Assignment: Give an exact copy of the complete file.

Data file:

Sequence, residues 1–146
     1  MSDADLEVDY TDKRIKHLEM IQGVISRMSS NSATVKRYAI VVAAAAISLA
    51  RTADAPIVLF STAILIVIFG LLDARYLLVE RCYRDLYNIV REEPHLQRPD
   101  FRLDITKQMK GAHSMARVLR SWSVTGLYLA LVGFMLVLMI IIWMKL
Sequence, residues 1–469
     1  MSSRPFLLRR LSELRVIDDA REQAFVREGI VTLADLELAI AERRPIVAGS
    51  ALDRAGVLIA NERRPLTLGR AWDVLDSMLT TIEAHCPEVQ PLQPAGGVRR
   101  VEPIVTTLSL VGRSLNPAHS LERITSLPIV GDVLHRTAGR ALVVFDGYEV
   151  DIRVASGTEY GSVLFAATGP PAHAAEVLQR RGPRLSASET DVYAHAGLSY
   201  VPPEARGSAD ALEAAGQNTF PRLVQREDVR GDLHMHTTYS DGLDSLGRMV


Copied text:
Sequence, residues 1–146
     1  MSDADLEVDY TDKRIKHLEM IQGVISRMSS NSATVKRYAI VVAAAAISLA
    51  RTADAPIVLF STAILIVIFG LLDARYLLVE RCYRDLYNIV REEPHLQRPD
   101  FRLDITKQMK GAHSMARVLR SWSVTGLYLA LVGFMLVLMI IIWMKL
Sequence, residues 1–469
     1  MSSRPFLLRR LSELRVIDDA REQAFVREGI VTLADLELAI AERRPIVAGS
    51  ALDRAGVLIA NERRPLTLGR AWDVLDSMLT TIEAHCPEVQ PLQPAGGVRR
   101  VEPIVTTLSL VGRSLNPAHS LERITSLPIV GDVLHRTAGR ALVVFDGYEV
   151  DIRVASGTEY GSVLFAATGP PAHAAEVLQR RGPRLSASET DVYAHAGLSY
   201  VPPEARGSAD ALEAAGQNTF PRLVQREDVR GDLHMHTTYS DGLDSLGRMV